By signing the Geneva Convention on torture, the US agreed that it would never resort to torturing prisoners, and that it would prosecute or extradite anyone who did. So why has the Obama administration refused to press charges of war crimes against George W. Bush, Richard “The Dick” Cheney, Donald Rumsfeld, Condoleezza Rice, et al?
The Senate Intelligence Committee has now documented torture during the Bush administration and President Obama has confirmed the findings. If that’s not enough evidence to generate indictments, Bush officials have confessed to their crimes in their published memoirs and on television. Not only have they admitted knowledge of “extraordinary renditions,” aka torture. They have bragged about their “extreme interrogation techniques” and stated that they would not hesitate to use them again.
In other words, they are self-confessed war criminals.
So why hasn’t the Obama administration pressed charges according to the Geneva Conventions? Why have they not extradited the perpetrators to countries that will? Aren’t we supposed to be a nation of laws? Don’t we brag about our commitment to human rights? Don’t we accuse and prosecute the officials of other nations for war crimes?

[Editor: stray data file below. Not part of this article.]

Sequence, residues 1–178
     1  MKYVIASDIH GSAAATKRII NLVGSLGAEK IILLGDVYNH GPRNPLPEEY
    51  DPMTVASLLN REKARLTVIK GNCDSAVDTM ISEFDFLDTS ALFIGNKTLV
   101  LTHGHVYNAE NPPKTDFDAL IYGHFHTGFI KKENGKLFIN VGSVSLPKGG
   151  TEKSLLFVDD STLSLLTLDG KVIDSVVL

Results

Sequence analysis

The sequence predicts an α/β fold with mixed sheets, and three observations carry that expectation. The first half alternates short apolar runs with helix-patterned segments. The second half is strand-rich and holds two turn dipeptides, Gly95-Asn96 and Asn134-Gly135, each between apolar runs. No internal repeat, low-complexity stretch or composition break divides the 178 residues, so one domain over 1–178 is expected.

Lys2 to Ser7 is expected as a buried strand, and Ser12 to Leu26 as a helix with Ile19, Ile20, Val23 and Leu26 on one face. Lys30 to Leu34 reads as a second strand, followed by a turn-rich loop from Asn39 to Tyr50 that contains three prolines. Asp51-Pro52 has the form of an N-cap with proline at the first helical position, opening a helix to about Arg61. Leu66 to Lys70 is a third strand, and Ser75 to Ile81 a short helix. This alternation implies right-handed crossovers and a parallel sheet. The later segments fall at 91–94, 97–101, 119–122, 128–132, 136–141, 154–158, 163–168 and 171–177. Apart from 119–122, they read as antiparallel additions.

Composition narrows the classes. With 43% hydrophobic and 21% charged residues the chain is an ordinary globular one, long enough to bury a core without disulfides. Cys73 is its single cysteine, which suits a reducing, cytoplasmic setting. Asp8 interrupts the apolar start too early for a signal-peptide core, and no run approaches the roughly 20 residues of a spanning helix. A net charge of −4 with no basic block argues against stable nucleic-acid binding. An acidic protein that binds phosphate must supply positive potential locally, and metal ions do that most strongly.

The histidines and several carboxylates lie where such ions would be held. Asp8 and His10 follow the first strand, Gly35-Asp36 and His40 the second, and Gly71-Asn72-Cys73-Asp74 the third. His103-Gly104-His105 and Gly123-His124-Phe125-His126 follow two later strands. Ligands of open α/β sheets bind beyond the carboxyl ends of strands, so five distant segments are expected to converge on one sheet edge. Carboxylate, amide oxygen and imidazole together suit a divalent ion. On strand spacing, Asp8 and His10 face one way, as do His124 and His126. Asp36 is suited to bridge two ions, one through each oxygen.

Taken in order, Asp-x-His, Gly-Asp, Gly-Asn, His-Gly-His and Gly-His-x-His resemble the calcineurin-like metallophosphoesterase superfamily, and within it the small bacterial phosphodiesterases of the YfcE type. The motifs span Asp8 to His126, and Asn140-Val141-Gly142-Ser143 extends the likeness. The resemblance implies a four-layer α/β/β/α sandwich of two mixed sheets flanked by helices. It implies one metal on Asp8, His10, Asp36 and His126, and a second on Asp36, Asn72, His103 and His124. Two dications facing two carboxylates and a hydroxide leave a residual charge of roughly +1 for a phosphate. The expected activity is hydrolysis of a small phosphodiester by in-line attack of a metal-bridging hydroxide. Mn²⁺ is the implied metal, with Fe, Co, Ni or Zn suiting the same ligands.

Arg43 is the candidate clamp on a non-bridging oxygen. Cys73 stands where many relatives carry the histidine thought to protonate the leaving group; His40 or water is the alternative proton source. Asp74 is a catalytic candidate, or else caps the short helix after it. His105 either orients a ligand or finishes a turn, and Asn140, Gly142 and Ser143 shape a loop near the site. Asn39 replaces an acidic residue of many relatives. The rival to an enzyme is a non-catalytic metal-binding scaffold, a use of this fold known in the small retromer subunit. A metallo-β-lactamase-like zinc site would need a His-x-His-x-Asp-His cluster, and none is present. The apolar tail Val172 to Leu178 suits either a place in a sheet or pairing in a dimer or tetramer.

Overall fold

If we can’t live up to our own rhetoric and promises; if we can’t abide by the treaties we sign, what good are they?
A new poll by Gallup has found that 49 percent of Americans now view President George W. Bush favorably, while 46 percent view him unfavorably. Assuming that the poll is more accurate than Gallup polls from the 2012 election, it would seem to indicate that 49 percent of Americans are either uninformed, misinformed or blissfully ignorant. The only other possible explanation is an epidemic of Attention Deficit Disorder!
What exactly did Dubya do that could be considered good?
Was it the fact that he used his brother’s position as governor of Florida to steal the 2000 election? Was it his failure to pay attention to pre-9/11 warnings of a terrorist attack? Was it his campaign of lies and misinformation leading up to the Iraq War? Was it his apparent disinterest in completing the mission in Afghanistan? Was it his administration’s failure to regulate our nation’s largest financial institutions leading to an economic collapse? Was it his policies that led to the loss of millions of jobs? His bailout of the too-big-to-fail banks?
Was it Dubya’s embrace of “extraordinary renditions,” torture, no-bid contracts to military suppliers, or warrantless wiretaps? Was it his administration’s failure in dealing with the aftermath of Hurricane Katrina? Was it his administration’s embrace of the oily executives who control our nation’s energy policies?
Yes, by all means, let’s sit back and, through the haze of fading memories, fondly remember those halcyon days of incompetence, corruption and abject failure.